Assistant Registrar Gretchen Martin confirmed Director of Membership Jeff Petrie’s hunch that in Iron Man 3, the Rothko painting hanging on the wall of Tony Stark’s Malibu mansion as he and Pepper Potts are sent flying after a blow up is in fact our Ochre and Red on Red (1954). Spoiler alert? Oh well, it’s in the trailer. You’ll see the Phillips thanked in the credits if you’re one to stay ’till the bitter end. On Thursday, we’ll sacrifice some street parking to help the filming of Captain America. Bringing you the big stars and the big explosions is just part of our work here at the museum. You’re welcome.
A modest exhibition, Paintings by Tomlin, Rothko, Okada opens in The Print Rooms on the ground level of The Phillips Gallery and runs through February 26. This is the first time works by Mark Rothko are exhibited at the museum. The exhibition includes: Mauve Intersection; Plum and Brown; Yellow, Red and Blue; Green and Maroon, Yellow, Green and Black; and Purple and Yellow.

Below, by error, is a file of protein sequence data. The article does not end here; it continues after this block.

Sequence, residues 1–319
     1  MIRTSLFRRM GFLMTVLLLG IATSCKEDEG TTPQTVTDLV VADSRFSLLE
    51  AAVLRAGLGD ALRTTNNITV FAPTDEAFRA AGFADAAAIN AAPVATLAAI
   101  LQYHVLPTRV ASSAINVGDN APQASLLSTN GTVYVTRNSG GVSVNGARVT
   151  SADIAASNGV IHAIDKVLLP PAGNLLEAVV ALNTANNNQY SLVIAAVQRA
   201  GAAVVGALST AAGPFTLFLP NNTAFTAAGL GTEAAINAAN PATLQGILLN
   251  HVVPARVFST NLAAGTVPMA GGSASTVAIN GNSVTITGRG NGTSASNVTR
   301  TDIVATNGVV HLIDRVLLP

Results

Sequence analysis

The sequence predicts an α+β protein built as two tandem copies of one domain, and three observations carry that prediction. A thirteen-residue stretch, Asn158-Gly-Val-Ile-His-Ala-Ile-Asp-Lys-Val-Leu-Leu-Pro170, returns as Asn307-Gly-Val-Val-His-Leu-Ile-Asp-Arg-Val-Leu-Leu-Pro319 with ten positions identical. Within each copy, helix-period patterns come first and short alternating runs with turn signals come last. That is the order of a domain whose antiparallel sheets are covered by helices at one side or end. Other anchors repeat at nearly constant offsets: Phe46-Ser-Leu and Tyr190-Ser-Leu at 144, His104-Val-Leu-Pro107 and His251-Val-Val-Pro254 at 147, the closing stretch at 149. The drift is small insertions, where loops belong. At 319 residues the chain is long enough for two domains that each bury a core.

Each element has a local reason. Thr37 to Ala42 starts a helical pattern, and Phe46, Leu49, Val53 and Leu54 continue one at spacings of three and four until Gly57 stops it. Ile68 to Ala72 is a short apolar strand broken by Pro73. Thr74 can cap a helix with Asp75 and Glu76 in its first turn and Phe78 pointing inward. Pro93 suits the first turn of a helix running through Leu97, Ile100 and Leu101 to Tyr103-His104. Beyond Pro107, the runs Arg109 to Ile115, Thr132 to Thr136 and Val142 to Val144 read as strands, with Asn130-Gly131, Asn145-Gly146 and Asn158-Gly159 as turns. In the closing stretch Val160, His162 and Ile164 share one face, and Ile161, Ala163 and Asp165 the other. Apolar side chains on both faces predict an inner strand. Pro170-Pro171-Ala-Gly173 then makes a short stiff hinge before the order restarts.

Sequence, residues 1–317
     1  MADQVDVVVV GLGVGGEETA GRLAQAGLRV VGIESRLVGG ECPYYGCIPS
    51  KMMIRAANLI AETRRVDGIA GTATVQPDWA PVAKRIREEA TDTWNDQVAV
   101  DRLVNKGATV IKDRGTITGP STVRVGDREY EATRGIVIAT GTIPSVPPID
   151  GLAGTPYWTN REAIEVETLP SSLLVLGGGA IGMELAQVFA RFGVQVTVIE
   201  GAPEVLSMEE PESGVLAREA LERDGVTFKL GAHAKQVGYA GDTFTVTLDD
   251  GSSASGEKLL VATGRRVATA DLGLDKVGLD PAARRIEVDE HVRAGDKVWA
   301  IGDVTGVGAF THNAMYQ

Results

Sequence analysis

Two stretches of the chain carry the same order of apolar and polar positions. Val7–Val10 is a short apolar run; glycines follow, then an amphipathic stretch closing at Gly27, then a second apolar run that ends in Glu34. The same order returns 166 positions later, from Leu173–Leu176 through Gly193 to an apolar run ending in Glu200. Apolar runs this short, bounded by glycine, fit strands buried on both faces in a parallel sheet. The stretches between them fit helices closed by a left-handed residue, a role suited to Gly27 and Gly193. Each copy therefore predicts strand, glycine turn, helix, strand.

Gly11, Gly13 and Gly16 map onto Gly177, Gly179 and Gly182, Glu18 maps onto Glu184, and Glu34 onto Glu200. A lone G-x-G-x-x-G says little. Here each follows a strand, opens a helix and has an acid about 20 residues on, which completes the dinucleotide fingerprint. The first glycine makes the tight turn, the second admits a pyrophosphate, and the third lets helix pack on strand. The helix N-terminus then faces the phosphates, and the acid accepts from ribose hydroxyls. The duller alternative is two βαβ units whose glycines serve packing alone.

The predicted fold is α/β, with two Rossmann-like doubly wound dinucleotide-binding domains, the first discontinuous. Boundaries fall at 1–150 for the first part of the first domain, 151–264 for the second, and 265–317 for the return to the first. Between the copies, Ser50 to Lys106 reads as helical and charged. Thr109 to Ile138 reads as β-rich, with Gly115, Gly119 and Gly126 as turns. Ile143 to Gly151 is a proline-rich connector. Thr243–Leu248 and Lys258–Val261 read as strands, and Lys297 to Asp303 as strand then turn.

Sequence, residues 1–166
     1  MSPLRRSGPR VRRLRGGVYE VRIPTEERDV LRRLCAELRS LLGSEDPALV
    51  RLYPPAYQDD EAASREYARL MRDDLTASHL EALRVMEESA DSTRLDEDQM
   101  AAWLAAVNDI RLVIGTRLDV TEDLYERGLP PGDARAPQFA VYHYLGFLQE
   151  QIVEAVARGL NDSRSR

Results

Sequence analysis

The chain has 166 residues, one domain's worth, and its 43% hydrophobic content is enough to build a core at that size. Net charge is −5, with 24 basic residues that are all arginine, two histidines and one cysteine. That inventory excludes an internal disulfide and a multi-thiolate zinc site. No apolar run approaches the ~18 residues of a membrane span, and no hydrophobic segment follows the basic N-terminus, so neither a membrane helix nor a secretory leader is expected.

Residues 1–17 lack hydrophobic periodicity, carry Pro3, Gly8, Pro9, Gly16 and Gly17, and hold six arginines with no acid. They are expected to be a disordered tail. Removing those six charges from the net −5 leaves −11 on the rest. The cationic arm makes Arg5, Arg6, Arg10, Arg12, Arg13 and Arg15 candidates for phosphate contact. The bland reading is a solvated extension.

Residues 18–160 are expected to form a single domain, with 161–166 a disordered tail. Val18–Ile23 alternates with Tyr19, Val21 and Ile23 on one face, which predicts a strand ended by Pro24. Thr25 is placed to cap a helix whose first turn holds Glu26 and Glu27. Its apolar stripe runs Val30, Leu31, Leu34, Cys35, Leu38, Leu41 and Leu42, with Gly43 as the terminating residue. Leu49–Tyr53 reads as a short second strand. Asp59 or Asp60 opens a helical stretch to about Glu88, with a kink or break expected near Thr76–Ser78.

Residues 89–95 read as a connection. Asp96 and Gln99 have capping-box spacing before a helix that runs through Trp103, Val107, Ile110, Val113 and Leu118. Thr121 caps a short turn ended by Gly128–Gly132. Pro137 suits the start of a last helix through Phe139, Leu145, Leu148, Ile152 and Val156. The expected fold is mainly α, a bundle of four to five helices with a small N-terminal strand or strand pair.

Over the summer, I presented a gallery talk on a series of 12 works by Augustus Vincent Tack, commissioned by Duncan Phillips in 1928. It is currently reinstalled in the wood-paneled Music Room, for which it was originally created. Below are excerpts from the discussion. Join me on December 15 at 6:30 pm for the next in our series of Director’s Perspectives, this time on work by Joseph Marioni.
Duncan Phillips and Augustus Vincent Tack met in 1914 and developed a deep and enduring friendship. Painter and patron had a lot in common: both were born in Pittsburgh and both had deep ties to Yale. Tack played an important role in fostering Duncan Phillips’s appreciation of the power and beauty of modern art.
The Phillips Collection owns seventy-five Tack paintings. “Tack” never became a household name. Whether Tack was fashionable was not the point. Duncan Phillips was passionately engaged in supporting emerging American artists alongside Europeans. The project was never about a suite of trophies, but about getting to know the artist and collecting his work in depth. Continue reading “Director’s Desk: Augustus Vincent Tack” »